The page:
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This page is part of the Getting Started Section.

In BaseX, a database is a pretty light-weight concept. It may contain one or more resources, which are addressed by a unique database path. There is no explicit layer for collections: Instead, collections are implicitly created and deleted, and collections result from the existence of documents in specific paths. Resources can either be XML documents or raw files (binaries). Some information on binary data can be found on an extra page.

Multiple databases can be addressed (queries, updated) with a single XQuery expression. As a single database is restricted to 2 billion nodes (see Statistics), resources can be distributed across multiple database instances.


[edit] Create Databases

Databases can be created via commands, via XQuery, in the GUI, or with any of our APIs. If an initial input is specified with create, some time can be saved, as the specified resources will be added to the database in a bulk operation:

The name of a database is restricted to a restricted set of characters (see Valid Names). Various parsers can be chosen to control the import process, or to convert different formats to XML.

Note: A main-memory database will be created if the MAINMEM option is enabled (see below for more).

[edit] Access Resources

Stored resources and external documents can be accessed in different ways:

[edit] XML Documents

Various XQuery functions exist to access XML documents in databases:

Function Example Description
db:open db:open("db", "path/to/docs") Returns all documents that are found in the database db at the (optional) path path/to/docs.
fn:collection collection("db/path/to/docs") Returns all documents at the location path/to/docs in the database db.
If no path is specified after the database, all documents in the database will be returned.
If no argument is specified, all documents of the database will be returned that has been opened in the global context.
fn:doc doc("db/path/to/doc.xml") Returns the document at the location path/to/docs in the database db.
An error is raised if the specified yields zero or more than one document.

You can access multiple databases in a single query:

for $i in 1 to 100
return db:open('books' || $i)//book/title

If the DEFAULTDB option is turned on, the path argument of the fn:doc or fn:collection function will first be resolved against the globally opened database.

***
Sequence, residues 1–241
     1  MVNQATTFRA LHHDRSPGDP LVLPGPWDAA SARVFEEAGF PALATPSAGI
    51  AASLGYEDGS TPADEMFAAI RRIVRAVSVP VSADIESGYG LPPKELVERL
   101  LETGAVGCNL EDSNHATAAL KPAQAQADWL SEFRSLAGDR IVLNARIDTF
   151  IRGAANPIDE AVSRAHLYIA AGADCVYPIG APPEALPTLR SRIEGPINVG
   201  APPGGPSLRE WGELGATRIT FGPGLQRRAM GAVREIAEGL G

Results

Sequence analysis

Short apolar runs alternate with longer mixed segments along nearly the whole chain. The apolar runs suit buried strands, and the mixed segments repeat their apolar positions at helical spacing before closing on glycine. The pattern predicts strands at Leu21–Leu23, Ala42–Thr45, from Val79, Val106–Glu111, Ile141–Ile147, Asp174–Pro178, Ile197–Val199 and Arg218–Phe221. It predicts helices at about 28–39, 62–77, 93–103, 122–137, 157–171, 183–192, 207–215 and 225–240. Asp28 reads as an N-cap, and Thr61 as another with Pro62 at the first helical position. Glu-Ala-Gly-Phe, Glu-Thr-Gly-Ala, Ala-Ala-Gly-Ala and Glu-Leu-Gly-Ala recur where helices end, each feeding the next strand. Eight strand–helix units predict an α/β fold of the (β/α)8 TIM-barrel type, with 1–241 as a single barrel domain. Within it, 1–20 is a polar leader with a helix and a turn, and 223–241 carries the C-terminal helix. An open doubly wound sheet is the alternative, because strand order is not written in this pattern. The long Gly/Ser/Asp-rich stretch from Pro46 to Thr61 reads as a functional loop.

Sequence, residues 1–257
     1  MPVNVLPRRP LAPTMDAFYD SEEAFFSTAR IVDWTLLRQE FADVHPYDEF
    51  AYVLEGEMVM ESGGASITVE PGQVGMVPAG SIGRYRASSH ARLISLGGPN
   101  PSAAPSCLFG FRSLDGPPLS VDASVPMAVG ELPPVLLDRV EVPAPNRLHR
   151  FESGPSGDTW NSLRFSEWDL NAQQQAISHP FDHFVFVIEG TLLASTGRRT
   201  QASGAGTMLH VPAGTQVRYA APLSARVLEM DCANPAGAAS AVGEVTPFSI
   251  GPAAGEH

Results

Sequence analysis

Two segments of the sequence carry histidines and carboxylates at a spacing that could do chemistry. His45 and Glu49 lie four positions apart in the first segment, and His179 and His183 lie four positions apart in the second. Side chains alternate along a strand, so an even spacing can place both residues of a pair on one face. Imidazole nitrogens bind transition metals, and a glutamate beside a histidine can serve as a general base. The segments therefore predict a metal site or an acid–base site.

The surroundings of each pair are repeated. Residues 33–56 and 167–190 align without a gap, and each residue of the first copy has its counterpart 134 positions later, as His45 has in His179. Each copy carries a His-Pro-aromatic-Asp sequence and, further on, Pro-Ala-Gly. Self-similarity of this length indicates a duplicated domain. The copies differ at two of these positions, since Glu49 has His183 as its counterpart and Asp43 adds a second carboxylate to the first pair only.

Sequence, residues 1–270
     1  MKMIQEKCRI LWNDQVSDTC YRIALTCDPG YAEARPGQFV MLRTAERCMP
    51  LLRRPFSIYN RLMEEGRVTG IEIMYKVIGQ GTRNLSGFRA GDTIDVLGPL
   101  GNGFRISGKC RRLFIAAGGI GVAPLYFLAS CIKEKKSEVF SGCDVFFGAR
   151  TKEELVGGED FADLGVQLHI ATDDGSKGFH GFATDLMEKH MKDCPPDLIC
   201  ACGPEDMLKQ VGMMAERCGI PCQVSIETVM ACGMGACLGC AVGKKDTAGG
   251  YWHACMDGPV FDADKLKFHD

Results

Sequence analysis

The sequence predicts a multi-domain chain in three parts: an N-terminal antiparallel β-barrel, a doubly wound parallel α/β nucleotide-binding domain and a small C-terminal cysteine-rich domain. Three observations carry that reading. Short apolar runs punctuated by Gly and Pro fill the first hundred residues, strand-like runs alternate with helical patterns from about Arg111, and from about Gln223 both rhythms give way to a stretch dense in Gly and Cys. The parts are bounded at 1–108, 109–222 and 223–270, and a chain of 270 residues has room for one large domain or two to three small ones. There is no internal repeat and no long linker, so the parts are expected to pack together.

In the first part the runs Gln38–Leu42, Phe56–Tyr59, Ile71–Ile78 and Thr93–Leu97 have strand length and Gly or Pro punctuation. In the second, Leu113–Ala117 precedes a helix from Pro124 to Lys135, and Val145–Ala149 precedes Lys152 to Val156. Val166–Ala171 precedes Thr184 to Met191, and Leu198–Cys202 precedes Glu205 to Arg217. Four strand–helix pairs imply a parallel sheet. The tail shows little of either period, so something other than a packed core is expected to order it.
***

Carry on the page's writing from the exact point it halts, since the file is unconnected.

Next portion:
Two more functions are available for retrieving information on database nodes:

Function Example Description
db:name db:name($node) Returns the name of the database in which the specified $node is stored.
db:path db:path($node) Returns the path of the database document in which the specified $node is stored.

The fn:document-uri and fn:base-uri functions return URIs that can also be reused as arguments for the fn:doc and fn:collection functions. As a result, the following example query always returns true:

every $c in collection('anyDB')
satisfies doc-available(document-uri($c))

If the argument of fn:doc or fn:collection does not start with a valid database name, or if the addressed database does not exist, the string is interpreted as URI reference, and the documents found at this location will be returned. Examples:

[edit] Raw Files

The RETRIEVE command and the db:retrieve function can be used to return files in their native byte representation.

If the API you use does not support binary output (this is e.g. the case for various Client language bindings), you need to convert your binary data to its string representation before returning it to the client:

string(db:retrieve('multimedia', 'sample.avi'))

[edit] HTTP Services

[edit] Update Resources

Once you have created a database, additional commands exist to modify its contents:

The AUTOFLUSH option can be turned off before bulk operations (i.e. before a large number of new resources is added to the database).

If ADDCACHE is enabled, the input will be cached before it is added to the database. This is helpful when the input documents to be added are expected to consume too much main memory.

The following commands create an empty database, add two resources, explicitly flush data structures to disk, and finally delete all inserted data:

CREATE DB example
ADD example.xml
ADD /path/to/xml/documents
STORE TO images/ 123.jpg

You may also use the BaseX-specific XQuery Database Functions to create, add, replace, and delete XML documents:

let $root := "/path/to/xml/documents/"
for $file in file:list($root)
return db:add("database", $root || $file)

Last but not least, XML documents can also be added via the GUI and the Database menu.

[edit] Export Data

All resources stored in a database can be exported, i.e., written back to disk. This can be done in several ways:

[edit] Main-Memory Database Instances

Note: If you address a URI with fn:doc or fn:collection for which no database exists, the resulting internal representation is identical to those of main-memory database instances (no matter which value is set for MAINMEM).

[edit] Changelog

Version 8.4
Version 7.2.1
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